Hard as it seems i think Joe has out done Half a King with this latest book, book two is a similar story type, coming of age, the sudden growth from youth to adulthood, thrust into the forefront of politics and battle. The similarity is even there with the ship voyage providing the ever-changing backdrop for the growth. But it comes into its own with the growth of Thorn as a fighter, with Brand and his struggle with the morality of war. and all of it mixed up in the deep cunning shenanigans of Yarvi. Because of the authors skillful handling of author growth and creativity the similarities are all blended into something unique and mind-blowing. There is always the thought that you know where the plot is leading but not always why, and that there is so much more tantalizing at the edge of the plot, particularly regarding the elves and who they might have been wand what they left behind.

The book leads us half way across the world and back again, it leads to the High kings and his minister trying to destroy Gettland, and it leads to old enemies meeting on the battle field.

Once again its a surprise this is a young adult novel, but when you think back you can see that it is toned done , not overt in the death and violence, but the implication more than enough to make this a tense and dramatic tale, the characterisation and world building realistic enough to suck you in from page one and have you rowing at the oars with every page.

I highly recommend this series, and cannot wait for book three

(Parm)

Series

 

First Law
1. The Blade Itself (2006)
2. Before They Are Hanged (2007)
3. Last Argument Of Kings (2008)
The First Law Trilogy Boxed Set: The Blade Itself / Before They Are Hanged / Last Argument of Kings(omnibus) (2012)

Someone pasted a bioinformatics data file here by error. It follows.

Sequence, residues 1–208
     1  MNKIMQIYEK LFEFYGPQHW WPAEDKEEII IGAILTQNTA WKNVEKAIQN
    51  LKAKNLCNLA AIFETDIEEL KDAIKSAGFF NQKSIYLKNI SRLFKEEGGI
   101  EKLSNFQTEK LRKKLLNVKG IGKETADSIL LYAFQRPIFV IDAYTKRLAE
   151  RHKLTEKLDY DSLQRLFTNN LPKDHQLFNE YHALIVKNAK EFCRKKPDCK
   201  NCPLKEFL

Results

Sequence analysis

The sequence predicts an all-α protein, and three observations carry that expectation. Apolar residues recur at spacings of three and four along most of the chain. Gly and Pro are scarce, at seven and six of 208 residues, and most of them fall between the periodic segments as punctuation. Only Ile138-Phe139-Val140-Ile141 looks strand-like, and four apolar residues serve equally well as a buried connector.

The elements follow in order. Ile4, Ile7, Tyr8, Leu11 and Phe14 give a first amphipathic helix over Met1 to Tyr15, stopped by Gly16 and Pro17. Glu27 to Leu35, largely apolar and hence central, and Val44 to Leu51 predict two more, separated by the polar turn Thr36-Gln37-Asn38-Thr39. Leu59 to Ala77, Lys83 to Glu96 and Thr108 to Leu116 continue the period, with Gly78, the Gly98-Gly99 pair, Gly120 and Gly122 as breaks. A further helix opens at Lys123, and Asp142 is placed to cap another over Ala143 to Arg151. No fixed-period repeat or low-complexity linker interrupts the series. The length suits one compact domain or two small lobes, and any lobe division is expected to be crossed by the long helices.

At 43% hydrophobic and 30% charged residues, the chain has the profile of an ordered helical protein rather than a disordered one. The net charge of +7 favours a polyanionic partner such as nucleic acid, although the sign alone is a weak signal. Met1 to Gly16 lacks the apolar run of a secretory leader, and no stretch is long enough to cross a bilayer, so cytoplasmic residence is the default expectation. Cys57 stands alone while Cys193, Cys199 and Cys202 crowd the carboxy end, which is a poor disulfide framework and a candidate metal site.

The First Law Trilogy (omnibus) (2015)
The Blade ItselfBefore They Are HangedLast Argument Of KingsThe First Law Trilogy Boxed Set: The Blade Itself / Before They Are Hanged / Last Argument of Kings

 

First Law World
1. Best Served Cold (2009)
2. The Heroes (2011)
3. Red Country (2012)
The Great Leveller: Best Served Cold, The Heroes and Red Country, together in one omnibus volume (omnibus)(2015)
Best Served ColdThe HeroesRed Country

 

Half a King
1. Half a King (2014)
2. Half a World (2015)
3. Half a War (2015)
Half a KingHalf a World

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Filed under Fantasy, Joe Abercrombie

Ian Ross: War at the Edge of the World (Twilight of Empire) Review

About the author

Ian Ross has been researching and writing about the later Roman world and its army for over a decade. He spent a year in Italy teaching English, but now lives in Bath.

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Ian ross

The epic first instalment in a sequence of novels set at the end of the Roman Empire, during the reign of the Emperor Constantine.

Centurion Aurelius Castus – once a soldier in the elite legions of the Danube – believes his glory days are over, as he finds himself in the cold, grey wastes of northern Britain, battling to protect an empire in decline.

When the king of the Picts dies in mysterious circumstances, Castus is selected to guard the Roman envoy sent to negotiate with the barbarians beyond Hadrian’s Wall. Here he will face the supreme challenge of command, in a mission riven with bloodshed and treachery, that tests his honour to the limit. As he struggles to avert disaster and keep his promise to a woman he has sworn to protect, Castus discovers that nothing about this doomed enterprise was ever what it seemed.

Review

Ian Ross and Twilight of Empire: War at the edge of the World has all the hallmarks of the next great Roman series. The author has chosen a period that few have written in, a time when Rome and its empire is very different to the one we see portrayed in films and the HBO TV series, gone is the segmented armour, the Scutum etc, in its place, Mail or scale armour oval shields and these guys wore tunics and breeches, a clear sign of the blending of other nations into the empire . It was a time when the Empire was so large its power and leadership was shared, its politics even murkier. The book follows the exploits of Centurion Aurelius Castus, his journey north into the lands of the Picts, the inevitable betrayals, escape and eventual revenge.